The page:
FAREWELL TO ARMS : poems for Remembrance Day

In 2002, in a long piece for The Guardian, the distinguished historian Eric Hobsbawm wrote that: «The 20th century was the most murderous in recorded history. The total number of deaths caused by or associated with its wars has been estimated at 187m, the equivalent of more than 10% of the world’s population in 1913. Taken as having begun in 1914, it was a century of almost unbroken war, with few and brief periods without organised armed conflict somewhere. It was dominated by world wars: that is to say, by wars between territorial states or alliances of states», instantly making 187 … Continue reading FAREWELL TO ARMS : poems for Remembrance Day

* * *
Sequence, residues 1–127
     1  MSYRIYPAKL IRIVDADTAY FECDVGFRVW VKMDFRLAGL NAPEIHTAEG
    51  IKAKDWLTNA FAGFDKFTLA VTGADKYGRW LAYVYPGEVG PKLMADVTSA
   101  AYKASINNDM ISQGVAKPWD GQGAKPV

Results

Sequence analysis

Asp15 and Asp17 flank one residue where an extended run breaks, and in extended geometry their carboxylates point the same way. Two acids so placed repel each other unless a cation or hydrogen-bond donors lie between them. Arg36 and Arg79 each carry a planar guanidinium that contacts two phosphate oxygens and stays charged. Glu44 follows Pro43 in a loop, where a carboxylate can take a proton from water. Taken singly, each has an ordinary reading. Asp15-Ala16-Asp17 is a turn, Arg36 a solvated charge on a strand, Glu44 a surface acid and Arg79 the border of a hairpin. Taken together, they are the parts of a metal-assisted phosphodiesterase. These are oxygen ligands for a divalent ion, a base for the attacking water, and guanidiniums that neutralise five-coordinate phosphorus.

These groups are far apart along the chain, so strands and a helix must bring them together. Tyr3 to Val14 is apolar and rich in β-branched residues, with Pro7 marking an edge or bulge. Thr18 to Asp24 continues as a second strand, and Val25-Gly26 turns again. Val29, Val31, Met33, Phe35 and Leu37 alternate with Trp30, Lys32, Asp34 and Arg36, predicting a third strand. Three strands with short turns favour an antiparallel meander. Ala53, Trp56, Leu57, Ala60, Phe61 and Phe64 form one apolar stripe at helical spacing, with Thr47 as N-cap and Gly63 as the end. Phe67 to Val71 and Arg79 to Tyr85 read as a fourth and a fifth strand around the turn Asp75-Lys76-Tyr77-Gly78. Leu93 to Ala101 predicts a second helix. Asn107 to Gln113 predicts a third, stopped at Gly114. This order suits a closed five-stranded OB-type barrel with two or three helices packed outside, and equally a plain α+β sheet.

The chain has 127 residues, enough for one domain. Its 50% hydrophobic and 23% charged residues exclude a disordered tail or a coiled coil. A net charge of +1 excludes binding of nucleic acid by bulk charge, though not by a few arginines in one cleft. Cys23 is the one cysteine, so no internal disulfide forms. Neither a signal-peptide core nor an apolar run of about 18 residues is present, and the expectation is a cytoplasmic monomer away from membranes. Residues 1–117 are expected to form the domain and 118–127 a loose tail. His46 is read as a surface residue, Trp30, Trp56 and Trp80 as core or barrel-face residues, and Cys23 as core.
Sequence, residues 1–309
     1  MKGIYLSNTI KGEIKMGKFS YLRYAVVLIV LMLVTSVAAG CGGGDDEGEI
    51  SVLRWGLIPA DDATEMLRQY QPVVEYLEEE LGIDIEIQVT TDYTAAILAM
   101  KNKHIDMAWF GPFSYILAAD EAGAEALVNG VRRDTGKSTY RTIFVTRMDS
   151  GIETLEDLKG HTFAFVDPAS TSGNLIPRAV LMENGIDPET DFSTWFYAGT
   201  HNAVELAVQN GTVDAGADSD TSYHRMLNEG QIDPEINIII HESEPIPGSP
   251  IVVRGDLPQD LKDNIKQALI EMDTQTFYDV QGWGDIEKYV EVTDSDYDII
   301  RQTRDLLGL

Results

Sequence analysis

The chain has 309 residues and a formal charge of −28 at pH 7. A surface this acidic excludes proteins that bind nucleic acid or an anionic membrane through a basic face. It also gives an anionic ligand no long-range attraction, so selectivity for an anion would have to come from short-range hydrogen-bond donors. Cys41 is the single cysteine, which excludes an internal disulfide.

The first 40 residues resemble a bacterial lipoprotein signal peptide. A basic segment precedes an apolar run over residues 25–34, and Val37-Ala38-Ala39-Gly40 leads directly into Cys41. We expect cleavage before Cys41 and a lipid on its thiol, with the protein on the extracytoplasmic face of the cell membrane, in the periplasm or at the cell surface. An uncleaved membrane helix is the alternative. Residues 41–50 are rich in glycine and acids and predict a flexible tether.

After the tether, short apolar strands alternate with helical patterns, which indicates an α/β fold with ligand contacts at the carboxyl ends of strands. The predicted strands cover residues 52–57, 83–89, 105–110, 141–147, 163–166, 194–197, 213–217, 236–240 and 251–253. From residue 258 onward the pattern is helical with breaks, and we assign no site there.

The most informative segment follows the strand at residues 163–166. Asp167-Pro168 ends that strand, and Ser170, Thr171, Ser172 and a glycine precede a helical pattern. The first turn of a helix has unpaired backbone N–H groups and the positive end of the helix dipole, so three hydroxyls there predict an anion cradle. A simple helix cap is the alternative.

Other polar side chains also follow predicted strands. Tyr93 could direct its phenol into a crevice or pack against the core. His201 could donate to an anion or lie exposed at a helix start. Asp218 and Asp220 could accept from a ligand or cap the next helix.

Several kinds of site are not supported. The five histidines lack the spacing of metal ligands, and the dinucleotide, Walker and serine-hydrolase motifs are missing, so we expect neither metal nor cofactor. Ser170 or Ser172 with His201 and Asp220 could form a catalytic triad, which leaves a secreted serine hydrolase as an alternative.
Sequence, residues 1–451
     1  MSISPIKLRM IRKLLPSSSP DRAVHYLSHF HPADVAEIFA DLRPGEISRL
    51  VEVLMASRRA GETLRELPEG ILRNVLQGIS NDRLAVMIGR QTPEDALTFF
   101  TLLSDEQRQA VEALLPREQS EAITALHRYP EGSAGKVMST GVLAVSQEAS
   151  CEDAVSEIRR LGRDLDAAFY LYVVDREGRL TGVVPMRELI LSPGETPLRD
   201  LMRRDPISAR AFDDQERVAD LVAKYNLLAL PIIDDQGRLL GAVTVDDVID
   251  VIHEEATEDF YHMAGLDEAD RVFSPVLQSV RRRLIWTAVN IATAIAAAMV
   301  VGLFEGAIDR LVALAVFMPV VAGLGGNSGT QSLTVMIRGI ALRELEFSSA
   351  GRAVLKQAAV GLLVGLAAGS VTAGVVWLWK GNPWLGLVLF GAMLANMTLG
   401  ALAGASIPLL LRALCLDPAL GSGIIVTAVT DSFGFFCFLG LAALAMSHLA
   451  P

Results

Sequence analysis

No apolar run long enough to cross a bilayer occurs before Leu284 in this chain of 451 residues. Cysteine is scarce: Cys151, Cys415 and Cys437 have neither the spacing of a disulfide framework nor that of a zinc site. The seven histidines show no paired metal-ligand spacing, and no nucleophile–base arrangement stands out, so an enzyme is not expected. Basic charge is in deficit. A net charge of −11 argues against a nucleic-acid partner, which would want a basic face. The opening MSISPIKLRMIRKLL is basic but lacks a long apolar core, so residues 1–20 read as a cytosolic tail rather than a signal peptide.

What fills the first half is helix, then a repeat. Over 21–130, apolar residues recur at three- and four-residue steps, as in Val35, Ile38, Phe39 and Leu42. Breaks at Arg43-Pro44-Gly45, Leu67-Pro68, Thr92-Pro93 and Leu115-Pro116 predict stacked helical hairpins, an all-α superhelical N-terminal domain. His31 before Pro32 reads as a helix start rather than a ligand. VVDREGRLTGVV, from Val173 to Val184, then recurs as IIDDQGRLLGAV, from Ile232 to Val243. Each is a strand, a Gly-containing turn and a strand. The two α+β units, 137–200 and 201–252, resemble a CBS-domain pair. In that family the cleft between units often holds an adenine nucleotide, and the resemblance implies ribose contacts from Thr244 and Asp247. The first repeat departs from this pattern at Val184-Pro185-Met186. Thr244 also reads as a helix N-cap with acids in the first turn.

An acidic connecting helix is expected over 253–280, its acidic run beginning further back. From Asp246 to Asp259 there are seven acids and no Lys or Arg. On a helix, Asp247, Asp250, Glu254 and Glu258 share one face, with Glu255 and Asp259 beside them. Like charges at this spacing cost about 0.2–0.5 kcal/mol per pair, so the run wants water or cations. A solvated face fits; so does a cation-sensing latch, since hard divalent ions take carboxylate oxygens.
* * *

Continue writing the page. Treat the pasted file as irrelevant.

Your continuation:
Eduardo Galeano was born September 3rd 1940, and died on April 13th 2015. It’s only because of the flood of obituaries that appeared online the week of his death that I learned of this extraordinary writer’s life and work, and all I can think to say is a sheepish:  better late than never . Still, in the light of what I know about Galeano today, and especially after having read his last book, the startling Children of the Days, A Calendar of Human History, I’m left scratching my head, wondering how his work could have escaped detection by my pretty … Continue reading EDUARDO GALEANO’S CHILDREN OF THE DAYS